As I've been saying, 2007 is turning out to be a strange year for investors. Going back to February 26, after the Big
Dip when the stock market tanked some 500 points, before rebounding, the Standard & Poor's Index had been down about one percent
through mid-March. But it has bounced back in a big way, rising from around 1,375 to 1,515 through the end of May. The Dow
Jones Industrial Index is climbing, too; it reached a high of 13,500 on May 24. The Biotech stock indexes followed suit, falling
slightly more to 1.12%, according to the Morgan Stanley Biotech Index, before bouncing back in April.
Which leads me to my topic for today—my favorite biotech electronic trading fund (ETF)—BBH Holdrs.* This fund has meandered
so far in 2007, down 10 points or so since the late February stock market debacle, but up 1.9% (through late May, 2007) and
is up over 7% over the last year. The fund shot up in April, rising 6.3% as its "big guns" rose accordingly, thanks to a stiff
tailwind from the rest of the broadening stock market and some welcome sales revenue and clinical trial news.
For instance, Amgen saw its stock climb 5% after reports that its Aranesp anemia drug did not contribute to the deaths of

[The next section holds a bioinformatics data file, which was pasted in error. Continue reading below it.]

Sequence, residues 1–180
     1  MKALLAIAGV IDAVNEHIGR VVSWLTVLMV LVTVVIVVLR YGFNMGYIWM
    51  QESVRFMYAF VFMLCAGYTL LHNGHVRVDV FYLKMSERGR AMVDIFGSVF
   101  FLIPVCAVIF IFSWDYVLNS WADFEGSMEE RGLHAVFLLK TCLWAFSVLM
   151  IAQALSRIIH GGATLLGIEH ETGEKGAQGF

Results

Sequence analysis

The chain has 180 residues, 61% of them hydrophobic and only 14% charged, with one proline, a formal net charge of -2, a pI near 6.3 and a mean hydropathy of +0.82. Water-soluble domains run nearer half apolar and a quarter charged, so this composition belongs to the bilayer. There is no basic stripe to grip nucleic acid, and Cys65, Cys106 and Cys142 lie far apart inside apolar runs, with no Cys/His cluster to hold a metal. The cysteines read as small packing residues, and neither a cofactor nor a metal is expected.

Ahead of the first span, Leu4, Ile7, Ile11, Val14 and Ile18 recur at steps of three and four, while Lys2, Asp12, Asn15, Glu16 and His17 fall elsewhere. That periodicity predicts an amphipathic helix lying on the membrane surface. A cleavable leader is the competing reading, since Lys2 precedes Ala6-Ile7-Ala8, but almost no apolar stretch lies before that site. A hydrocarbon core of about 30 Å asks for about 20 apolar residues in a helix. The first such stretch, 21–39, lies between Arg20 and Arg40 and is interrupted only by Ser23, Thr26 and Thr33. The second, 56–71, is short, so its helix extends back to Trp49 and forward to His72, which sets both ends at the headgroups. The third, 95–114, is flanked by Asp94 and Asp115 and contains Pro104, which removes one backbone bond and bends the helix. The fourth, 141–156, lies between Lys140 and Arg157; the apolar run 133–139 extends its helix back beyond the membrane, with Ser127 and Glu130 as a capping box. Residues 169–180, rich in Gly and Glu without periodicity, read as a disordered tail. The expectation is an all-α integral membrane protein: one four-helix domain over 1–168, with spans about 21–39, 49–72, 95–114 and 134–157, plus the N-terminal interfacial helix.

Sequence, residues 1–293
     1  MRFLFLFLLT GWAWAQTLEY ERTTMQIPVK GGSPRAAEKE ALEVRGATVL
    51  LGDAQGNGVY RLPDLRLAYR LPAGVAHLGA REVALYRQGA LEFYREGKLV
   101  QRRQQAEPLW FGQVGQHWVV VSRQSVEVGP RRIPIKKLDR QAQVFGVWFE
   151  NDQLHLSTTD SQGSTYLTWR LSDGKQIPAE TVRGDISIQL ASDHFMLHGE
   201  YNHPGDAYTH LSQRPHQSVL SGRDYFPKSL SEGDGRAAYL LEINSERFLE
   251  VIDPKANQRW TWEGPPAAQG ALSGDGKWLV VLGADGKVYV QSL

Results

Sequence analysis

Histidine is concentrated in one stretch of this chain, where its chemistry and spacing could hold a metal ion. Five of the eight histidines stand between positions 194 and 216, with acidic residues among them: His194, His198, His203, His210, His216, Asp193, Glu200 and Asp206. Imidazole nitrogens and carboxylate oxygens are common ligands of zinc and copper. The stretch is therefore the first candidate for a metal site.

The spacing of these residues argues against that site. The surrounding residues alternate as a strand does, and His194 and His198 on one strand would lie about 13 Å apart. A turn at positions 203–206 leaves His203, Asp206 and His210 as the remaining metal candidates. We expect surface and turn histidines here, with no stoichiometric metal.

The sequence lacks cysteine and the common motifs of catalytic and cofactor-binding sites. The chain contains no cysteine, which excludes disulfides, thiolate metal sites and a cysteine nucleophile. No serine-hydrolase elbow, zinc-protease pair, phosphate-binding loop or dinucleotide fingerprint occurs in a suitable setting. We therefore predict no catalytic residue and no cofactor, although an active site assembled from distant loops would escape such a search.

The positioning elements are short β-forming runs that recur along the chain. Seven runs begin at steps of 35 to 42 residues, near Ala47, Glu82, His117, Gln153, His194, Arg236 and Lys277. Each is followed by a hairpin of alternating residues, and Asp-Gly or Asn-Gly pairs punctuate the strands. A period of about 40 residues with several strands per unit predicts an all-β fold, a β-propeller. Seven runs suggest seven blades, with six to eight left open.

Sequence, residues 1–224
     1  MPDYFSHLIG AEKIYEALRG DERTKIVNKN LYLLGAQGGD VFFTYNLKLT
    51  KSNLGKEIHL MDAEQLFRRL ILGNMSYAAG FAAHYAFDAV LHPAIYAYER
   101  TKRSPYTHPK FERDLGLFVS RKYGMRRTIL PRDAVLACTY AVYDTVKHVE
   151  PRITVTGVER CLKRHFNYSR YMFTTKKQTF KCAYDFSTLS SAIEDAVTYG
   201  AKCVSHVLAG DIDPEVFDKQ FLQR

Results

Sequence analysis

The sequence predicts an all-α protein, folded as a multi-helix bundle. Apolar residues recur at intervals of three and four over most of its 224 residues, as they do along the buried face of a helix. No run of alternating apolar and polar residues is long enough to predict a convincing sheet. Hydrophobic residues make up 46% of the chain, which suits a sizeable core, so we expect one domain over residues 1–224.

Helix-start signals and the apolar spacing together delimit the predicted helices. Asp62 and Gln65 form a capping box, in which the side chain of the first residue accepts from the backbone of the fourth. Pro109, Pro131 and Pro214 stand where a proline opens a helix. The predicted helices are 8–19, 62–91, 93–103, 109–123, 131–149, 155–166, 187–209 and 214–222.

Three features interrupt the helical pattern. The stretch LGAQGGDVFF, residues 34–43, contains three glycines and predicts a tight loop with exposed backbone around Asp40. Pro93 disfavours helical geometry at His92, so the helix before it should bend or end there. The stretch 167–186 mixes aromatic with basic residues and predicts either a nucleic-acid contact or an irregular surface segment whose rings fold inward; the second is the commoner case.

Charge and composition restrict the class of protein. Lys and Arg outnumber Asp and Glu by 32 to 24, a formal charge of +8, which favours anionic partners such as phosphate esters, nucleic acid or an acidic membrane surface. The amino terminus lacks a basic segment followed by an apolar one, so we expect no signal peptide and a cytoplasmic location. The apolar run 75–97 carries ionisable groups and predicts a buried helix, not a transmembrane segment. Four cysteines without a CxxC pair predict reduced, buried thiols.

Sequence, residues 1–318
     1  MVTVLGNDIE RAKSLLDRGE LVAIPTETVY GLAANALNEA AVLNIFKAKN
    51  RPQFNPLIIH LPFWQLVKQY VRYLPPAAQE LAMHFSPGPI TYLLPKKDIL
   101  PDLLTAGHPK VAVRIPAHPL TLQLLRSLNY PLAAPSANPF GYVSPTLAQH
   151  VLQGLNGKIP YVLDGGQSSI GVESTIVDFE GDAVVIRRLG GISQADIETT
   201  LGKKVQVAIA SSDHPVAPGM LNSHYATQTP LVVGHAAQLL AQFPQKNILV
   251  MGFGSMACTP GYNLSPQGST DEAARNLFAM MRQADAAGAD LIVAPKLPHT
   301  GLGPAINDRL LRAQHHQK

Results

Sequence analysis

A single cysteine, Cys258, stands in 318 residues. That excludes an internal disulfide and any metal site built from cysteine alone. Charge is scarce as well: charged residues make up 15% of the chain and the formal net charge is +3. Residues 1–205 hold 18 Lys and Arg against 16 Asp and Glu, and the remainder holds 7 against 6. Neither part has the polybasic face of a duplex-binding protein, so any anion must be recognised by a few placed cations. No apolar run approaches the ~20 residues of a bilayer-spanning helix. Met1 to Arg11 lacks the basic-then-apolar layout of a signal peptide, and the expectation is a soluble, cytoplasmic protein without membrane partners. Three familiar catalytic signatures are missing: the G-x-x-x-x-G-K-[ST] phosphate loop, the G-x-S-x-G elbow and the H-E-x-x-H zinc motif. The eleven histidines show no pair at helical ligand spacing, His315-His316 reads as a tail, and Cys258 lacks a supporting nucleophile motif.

patients in a Phase 3 lung cancer trial. BBH also benefited from Gilead Sciences, which saw its first quarter earnings spike
upward by 55% from the year before, adding $4 to its stock price.
Immediately after investors got hold of both these bits of good news, shares of BBH climbed almost 4% in one week alone, to
$186 (a 2% rise in the value of the overall portfolio).
Some Wall Street gurus jokingly refer to BBH as the Amgen–Genentech fund, and perhaps with good reason. Genentech, Amgen,
and Gilead Sciences make up most of the fund, along with Genzyme, Medimmune, and others. That's like having Manny Ramirez
and Chipper Jones anchoring your company's beer league softball team.
BBH was hardly alone in suffering a setback in February and March; the AMEX biotech index and iShares Nasdaq Biotech Index
fell in lockstep with BBH and the rest of the equities market. Patent protection was one sour issue impacting life sciences
companies—more than 70 drugs will lose their patent protection in the next few years, including Pfizer's cholesterol reducer
Lipitor and Bristol-Myers Squibb's blood thinner Plavix. Business Week estimates that pharmaceutical companies could lose up to $100 million in lost sales by 2011.
But there is good news in other areas, like quarterly earnings. Clinical drug trials, and an overall stock market that continues
to grow, despite taking its fair share of lumps in the housing and oil and energy sectors, have trumped the potentially bad
news, or at least pushed such news to the shadows for the time being.